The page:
Inspired by the July 21 birthdays of Cat Stevens, Charlotte Gainsbourg, Damian Marley, Taco and Fitz and the Tantrums’ Michael Fitzpatrick.
Tag Archives: Cat Stevens
I started getting into Sam Cooke in 1978. That year, Art Garfunkel had a hit with his version of “Wonderful World,” while Sam Cooke’s original version appeared on the soundtrack to the movie National Lampoon’s Animal House. I was familiar with Cat Stevens’ hit version of “Another Saturday Night” and Dr. Hook’s hit version of “Only Sixteen.” I bought Sam Cooke’s Greatest Hits to hear the original versions of these songs.
Starting his career by singing gospel music, Cooke moved into the secular market in 1956. The Soul Stirrers, the gospel group for which Cooke was singing lead, were signed to Specialty Records. The label’s head, Art Rupe, didn’t like the secular music Cooke was recording, so in 1957 Cooke left for Keen Records, where his first single was the classic “You Send Me.” It went to #1 on the pop and r&b charts. Cashing in on this success, Specialty released a single of one of the Cooke recordings they had in their vault, “I’ll Come Running Back to You.” It also went to #1 on the r&b chart and went top 20 pop.
In 1960 Cooke moved to RCA Records. As Specialty did before them, Keen looked through their vaults to find a Cooke recording to release as a single. They found “Wonderful World.” Like many of his hits, Cooke wrote the song, this one with Lou Adler and Herb Alpert. The composition initially was credited to Barbara Campbell, Cooke’s fiancée, as Cooke was engaged in a dispute with Art Rupe about publishing royalties.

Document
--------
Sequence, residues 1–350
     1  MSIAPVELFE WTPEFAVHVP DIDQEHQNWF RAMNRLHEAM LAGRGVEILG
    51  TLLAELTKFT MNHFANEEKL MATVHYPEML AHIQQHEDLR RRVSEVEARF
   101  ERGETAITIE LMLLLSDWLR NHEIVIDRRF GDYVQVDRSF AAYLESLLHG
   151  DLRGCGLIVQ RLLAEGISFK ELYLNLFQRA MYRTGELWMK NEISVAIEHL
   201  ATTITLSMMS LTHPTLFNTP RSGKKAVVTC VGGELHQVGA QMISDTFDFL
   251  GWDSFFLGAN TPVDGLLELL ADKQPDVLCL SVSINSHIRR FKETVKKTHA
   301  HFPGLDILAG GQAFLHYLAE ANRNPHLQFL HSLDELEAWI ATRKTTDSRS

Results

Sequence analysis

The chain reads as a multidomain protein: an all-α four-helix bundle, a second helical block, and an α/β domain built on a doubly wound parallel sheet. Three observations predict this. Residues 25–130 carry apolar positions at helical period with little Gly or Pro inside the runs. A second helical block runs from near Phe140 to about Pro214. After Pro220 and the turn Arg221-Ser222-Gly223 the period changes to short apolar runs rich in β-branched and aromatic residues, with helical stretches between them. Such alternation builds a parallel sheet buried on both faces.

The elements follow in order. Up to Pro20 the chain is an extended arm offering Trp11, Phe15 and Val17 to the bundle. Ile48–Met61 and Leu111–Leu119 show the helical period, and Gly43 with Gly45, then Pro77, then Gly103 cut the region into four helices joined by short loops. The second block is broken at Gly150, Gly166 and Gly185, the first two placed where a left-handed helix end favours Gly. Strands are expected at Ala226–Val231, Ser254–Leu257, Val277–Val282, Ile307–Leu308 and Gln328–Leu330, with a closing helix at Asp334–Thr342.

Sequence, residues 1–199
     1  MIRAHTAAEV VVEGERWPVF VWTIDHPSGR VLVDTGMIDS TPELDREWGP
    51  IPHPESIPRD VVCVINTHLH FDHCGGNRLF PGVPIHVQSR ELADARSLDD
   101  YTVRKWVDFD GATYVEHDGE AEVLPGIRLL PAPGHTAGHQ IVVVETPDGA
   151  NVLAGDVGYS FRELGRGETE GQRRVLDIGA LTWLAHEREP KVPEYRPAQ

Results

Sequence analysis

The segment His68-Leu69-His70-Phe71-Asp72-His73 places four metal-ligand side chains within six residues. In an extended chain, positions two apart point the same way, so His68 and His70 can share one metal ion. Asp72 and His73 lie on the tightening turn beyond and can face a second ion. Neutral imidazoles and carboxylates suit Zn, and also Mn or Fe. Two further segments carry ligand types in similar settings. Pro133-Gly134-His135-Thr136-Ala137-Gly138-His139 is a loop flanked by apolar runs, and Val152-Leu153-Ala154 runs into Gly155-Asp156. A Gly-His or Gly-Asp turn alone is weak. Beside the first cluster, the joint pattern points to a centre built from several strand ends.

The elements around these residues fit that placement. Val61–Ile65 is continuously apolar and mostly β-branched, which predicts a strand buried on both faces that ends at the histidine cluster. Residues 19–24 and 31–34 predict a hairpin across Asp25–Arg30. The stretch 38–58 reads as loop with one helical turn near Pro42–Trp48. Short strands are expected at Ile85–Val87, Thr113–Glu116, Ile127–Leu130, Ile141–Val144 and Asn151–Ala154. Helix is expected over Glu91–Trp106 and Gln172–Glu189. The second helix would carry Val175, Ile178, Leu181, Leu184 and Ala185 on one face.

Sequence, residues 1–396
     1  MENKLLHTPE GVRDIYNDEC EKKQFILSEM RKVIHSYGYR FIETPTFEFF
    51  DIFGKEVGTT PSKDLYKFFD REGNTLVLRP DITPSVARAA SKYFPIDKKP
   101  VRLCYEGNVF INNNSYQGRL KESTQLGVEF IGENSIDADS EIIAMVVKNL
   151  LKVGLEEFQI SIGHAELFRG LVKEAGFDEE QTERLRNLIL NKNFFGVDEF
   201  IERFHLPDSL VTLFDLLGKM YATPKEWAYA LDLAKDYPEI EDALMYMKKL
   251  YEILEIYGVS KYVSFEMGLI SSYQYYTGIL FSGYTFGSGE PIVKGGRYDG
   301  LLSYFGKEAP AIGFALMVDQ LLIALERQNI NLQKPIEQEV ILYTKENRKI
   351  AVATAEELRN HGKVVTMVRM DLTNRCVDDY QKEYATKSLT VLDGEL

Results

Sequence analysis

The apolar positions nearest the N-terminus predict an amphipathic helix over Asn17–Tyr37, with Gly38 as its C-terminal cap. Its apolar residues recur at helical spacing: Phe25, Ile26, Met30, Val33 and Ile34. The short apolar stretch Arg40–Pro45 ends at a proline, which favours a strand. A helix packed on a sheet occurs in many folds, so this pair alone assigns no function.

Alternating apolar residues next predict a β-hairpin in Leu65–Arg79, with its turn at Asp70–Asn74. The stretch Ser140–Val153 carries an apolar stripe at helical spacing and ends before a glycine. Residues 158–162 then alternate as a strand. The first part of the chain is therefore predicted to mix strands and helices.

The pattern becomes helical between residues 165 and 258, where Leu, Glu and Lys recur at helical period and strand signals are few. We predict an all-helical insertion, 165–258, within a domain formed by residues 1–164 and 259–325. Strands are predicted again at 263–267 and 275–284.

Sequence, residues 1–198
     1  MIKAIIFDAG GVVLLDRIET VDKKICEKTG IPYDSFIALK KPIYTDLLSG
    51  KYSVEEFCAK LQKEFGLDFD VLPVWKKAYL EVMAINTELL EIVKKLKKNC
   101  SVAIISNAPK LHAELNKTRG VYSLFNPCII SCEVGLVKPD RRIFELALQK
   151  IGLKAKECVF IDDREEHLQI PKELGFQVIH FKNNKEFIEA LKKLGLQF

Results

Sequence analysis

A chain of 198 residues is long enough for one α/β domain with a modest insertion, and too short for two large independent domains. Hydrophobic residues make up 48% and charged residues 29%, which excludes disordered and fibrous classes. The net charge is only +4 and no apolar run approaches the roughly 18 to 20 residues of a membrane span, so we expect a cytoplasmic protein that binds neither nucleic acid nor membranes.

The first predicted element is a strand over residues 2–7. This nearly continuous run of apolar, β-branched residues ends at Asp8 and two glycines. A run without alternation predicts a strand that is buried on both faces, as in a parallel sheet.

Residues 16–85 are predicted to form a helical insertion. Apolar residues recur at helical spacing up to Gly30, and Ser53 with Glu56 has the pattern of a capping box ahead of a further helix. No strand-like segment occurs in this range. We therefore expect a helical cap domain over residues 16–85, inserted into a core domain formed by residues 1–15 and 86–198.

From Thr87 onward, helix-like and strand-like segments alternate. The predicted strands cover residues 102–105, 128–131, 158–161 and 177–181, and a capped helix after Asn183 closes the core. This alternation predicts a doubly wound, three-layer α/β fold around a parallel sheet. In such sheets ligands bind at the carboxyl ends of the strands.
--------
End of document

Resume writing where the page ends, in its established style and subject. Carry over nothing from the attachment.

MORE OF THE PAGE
The song wasn’t recorded to be a single. It was done at an impromptu session. Cooke’s regular drummer wasn’t there, so he recruited the sixteen year-old nephew of one of the other musicians to play on the track. Lou Rawls was in the studio with Sam, singing the last word of each line with Cooke in the same mic.
“Wonderful World” became another hit for Cooke on the pop and r&b charts. In all, he had 29 top 40 pop hits and 34 top 40 r&b hits. In addition to singing and writing hit songs, he started SAR Records in 1960, producing recordings for Billy Preston, Bobby Womack and Johnny Taylor, in the process becoming one of the first African-American entrepreneurs in the music business.
Sam Cooke died on December 11, 1964, from a gunshot wound. He was 33.
Today Tunes du Jour remembers the great Sam Cooke on what would have been his 83rd birthday.
Three years ago I adopted Ringo and Winston from a nearby dog rescue shelter. Ringo was abandoned by his previous owner(s). He was micro-chipped but they never sought him. He was fending for himself on the streets of L.A. When I met him he was malnourished, weighing six pounds. His fur was shaved as it was all knotted when he was found. He sat next to me and shook for a half hour.
My intention was to adopt one dog. While meeting Ringo someone dropped off Winston. I don’t remember his background, except that the person who dropped him off was looking after him for a few days and said he’s a great dog but his previous owners couldn’t keep him.
I couldn’t decide between the two so I adopted both. They are opposites in almost every way but they get on great.
Ringo wasn’t named Ringo when I met him. I changed his name so he would have a new identity for a new, happy life. I chose Ringo after the drummer in my favorite group. Winston was already named Winston when I met him. I recall that John Lennon’s middle name was Winston, which would go well with Ringo. My next two dogs will be Harrison and Mac.
Here is a dog-themed playlist for my two kids, Ringo and Winston.